Under cross-examination, Officer Paschall acknowledged that under General Order 2005-59 (General Order), which sets forth the standard operating procedures for the MVR, arrests involving DWI are to be recorded, and that in all likelihood, defendant's stop and subsequent arrest were recorded on the MVR attached to his patrol car. He also acknowledged that the General Order directs that the MVR footage of the incident is to be logged in and then locked. He did not follow this protocol because he believed he was not responsible for preserving the evidence since he "wasn't the arresting [o]fficer" and he "wasn't [the one] putting her through the field sobriety tests."

Officer Kearney, an eleven-year veteran of the Hillsborough Police Department, testified that when he approached defendant's vehicle, he asked her whether she had been drinking, and defendant responded that she had not been drinking. He observed that defendant had candy in her mouth and requested that she remove it. Defendant refused to remove the candy, became uncooperative, and initially refused to exit her vehicle. She told him that she was fine to drive, the situation was ridiculous, and questioned why he would not let her just leave. Officer Kearney indicated that "[t]he one thing [he] did notice was that her eyes were red and watery." He did not detect an odor of alcohol.

Defendant eventually exited her vehicle. She was wearing black pants, a red sweater, scarf, a long, heavy, knee-length, wool coat that was fitted at the top but "belled-out" at the bottom, and three or four-inch high-heeled boots. Officer Kearney testified that defendant had no difficulty exiting the vehicle or walking to the area where he planned to administer field sobriety tests. He administered three tests, which defendant failed to perform satisfactorily. The first test was the horizontal gaze nystagmus test (HGN), which measures involuntary eye spasm. See State v. Maida, 332 N.J. Super. 564, 567-68 n.1 (Law Div. 2000). He explained that "neither her right or left eye was able to smoothly pursue the stimulus showing nystagmus as it[']s going across laterally" and that she also showed nystagmus "in both eyes when held at maximum side deviation[,] which is a wobbling on the side."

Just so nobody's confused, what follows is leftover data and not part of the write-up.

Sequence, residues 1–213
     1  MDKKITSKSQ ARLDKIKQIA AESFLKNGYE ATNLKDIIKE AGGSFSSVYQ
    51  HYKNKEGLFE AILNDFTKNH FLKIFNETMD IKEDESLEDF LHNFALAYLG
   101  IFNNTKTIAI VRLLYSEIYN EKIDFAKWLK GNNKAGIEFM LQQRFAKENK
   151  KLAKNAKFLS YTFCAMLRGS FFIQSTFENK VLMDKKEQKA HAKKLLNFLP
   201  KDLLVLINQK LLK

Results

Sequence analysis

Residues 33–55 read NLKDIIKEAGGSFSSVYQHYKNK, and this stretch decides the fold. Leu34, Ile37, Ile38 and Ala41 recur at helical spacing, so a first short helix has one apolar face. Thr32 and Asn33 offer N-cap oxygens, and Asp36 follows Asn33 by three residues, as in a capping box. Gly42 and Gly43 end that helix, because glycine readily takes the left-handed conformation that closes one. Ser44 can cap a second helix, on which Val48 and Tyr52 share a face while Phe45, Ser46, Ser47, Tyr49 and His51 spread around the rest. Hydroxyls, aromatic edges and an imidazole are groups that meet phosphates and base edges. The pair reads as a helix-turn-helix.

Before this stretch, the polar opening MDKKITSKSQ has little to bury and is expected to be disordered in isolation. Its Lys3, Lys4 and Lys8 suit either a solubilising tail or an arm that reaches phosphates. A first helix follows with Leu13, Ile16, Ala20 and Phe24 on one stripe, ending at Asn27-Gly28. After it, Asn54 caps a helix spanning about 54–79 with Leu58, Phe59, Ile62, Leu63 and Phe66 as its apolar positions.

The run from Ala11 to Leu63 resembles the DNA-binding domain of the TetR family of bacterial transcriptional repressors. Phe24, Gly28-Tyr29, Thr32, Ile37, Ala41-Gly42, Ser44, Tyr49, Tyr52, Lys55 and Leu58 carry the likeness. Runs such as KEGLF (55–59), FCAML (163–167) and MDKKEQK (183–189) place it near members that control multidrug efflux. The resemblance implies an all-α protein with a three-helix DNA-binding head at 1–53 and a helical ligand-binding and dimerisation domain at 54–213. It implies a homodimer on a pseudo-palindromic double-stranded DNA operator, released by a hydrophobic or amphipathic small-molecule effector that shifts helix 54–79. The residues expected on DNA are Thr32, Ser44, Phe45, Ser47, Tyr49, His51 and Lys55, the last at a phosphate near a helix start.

The officer next administered the "walk and turn" test. He instructed her to take nine steps forward, touching her heel to her toe, and then turn and repeat, taking nine steps back. According to Officer Kearney, defendant did not walk heel-totoe, "side[-]stepped to the right on the [seventh] step and then immediately started to take her small steps to turn around and go back, not completing the [nine] steps forward."

The last test administered was the one-leg stand. Officer Kearney testified that defendant did not keep her foot raised until told to place it down, as he had instructed her to do. During this test, defendant argued with him and swayed at one point. After her second attempt to perform the test, she became "wobbly" and Officer Kearney instructed her to stop. He testified that "[i]t was at that time I . . . determined that she was going to be placed under arrest and brought back to Headquarters for the breathalyzer." He subsequently charged defendant with DWI, N.J.S.A. 39:4-50, and refusal to take the breathalyzer test, N.J.S.A. 39:4-50.2.

Defendant testified on her own behalf. She admitted that she had been drinking. She indicated that she had two or three sips of champagne just after midnight. She also admitted to having candy in her mouth. She first testified that she did not remember when she put the candy in her mouth but then immediately stated that it was "[b]efore, when I was at the party." She also testified that she had the candy in her mouth through the entire time of the stop until Officer Kearney arrived. Additionally, she admitted that she initially refused to exit her vehicle when requested to do so. Further, in response to the question whether she could think of "any reason why the two . . . [o]fficers would intentionally say they smelled alcohol on [her,]" defendant stated that ...